On paper, Generation Zero sounds like a great idea. An open world cooperative survival game set in the ’80s where I fight giant robots? Count me in. While there is fun to be had exploring 1980’s Sweden, the overall experience not only feels dated, but is plagued with terrible gameplay systems that drag down what could have been a great experience for players.
Generation Zero makes a strong first impression. There’s not a lot of exposition to get players going. The world of Sweden in Generation Zero is big, which is something that’s readily apparent right off the bat. There are no NPCs wandering around, and the world is eerily empty other than the footsteps of roving enemy machines. There are no waypoints or quest objectives either. Instead, Generation Zero drops players into a world and says “go.”
It isn’t long before the experience quickly degrades. I chose to play with a buddy for this playthrough. With the emptiness of the world, I though Generation Zero would benefit from the extra interactivity. To start, my friend hosted the game. After a few hours of play, I left to ran some errands. When I got home I hopped back on to continue on my own for a bit, and discovered I had lost all the progress that I made. All area completion, side missions I had completed, and important locations I had found were gone. Since I was reviewing Generation Zero I hosted from this point on with my friend, but I lost several hours of progress. It felt unacceptable for a game released in 2019 not to track progress for both players, and quickly left a bad taste in my mouth about continuing.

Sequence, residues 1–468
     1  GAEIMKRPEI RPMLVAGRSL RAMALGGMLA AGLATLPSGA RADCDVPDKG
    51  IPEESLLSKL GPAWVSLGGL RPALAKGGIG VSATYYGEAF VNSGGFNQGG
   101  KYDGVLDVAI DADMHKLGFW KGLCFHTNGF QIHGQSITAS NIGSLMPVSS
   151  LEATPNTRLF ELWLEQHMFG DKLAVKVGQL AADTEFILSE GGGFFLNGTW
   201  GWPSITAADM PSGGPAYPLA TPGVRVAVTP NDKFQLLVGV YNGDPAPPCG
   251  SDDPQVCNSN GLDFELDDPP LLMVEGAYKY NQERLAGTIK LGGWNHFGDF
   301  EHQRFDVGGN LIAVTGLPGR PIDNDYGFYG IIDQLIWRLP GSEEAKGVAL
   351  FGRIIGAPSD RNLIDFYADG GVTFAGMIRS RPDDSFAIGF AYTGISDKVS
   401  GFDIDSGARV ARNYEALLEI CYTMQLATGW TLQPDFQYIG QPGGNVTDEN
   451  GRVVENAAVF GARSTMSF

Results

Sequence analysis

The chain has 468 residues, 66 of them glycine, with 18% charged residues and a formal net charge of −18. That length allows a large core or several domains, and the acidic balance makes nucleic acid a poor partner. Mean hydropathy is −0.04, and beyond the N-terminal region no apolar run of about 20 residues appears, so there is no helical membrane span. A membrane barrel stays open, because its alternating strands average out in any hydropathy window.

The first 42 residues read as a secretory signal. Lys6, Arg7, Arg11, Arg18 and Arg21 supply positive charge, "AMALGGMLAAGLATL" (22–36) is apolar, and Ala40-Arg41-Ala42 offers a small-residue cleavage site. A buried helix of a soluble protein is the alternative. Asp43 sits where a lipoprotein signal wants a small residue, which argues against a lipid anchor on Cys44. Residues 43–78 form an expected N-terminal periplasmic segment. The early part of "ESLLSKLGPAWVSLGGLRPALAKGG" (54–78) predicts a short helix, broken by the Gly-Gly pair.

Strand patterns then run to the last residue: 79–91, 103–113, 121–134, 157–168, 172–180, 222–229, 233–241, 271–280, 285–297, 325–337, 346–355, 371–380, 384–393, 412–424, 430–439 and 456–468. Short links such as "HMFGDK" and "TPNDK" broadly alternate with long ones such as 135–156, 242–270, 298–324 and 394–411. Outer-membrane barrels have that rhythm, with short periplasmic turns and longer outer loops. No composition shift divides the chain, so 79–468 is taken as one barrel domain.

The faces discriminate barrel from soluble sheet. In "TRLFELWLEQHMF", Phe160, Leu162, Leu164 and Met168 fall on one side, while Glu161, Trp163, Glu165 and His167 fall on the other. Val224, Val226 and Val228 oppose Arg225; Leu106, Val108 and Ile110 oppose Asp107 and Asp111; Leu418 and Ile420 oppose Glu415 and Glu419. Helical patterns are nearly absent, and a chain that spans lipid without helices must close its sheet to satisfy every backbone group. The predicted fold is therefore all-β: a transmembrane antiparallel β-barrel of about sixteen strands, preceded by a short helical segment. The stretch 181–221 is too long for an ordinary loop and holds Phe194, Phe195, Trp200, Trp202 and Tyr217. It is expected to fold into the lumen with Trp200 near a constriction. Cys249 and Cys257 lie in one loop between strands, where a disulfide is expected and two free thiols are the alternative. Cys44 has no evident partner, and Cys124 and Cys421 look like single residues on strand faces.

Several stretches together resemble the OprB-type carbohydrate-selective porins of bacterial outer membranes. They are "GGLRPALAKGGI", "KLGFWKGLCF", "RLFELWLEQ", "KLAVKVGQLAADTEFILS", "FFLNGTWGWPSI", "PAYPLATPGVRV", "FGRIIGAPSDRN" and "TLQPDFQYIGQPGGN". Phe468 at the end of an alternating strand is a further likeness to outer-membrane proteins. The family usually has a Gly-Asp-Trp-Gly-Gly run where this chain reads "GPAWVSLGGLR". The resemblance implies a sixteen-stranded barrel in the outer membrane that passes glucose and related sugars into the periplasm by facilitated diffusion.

Despite this, I persevered. I re-tracked through all the areas I had discovered during that first run and quickly caught back up to where I was. One thing that Generation Zero does really well is give players a reason to explore, and reward them for looking in every nook and cranny, especially early on. Almost every abandoned vehicle, home, or garage has useful items for players, and some locations even have additional missions to find. The problem is, other than the environment, there are only three or four different models of houses, vehicles, or garage. Things quickly become monotonous when you explore the same house over a hundred times.
Finding side missions is pretty fun, and satiates that desire to discover new things in the world. Generation Zero doesn’t offer players any hints other than through item descriptions in the menu. It’s actually pretty fun to search through clues in key mission items to figure out destinations. Sometimes though, the clues are so vague I spent hours looking for one specific item or location. The world is pretty huge too, and towns are dense with buildings to dig through, so looking for specific items or locations with vague hints is very frustrating. I had no problem with these systems in Assassin’s Creed Odyssey, but that was because that game generally gave good hints or ideas through dialogue, where Generation Zero has almost no dialogue and item descriptions are occasionally very poor.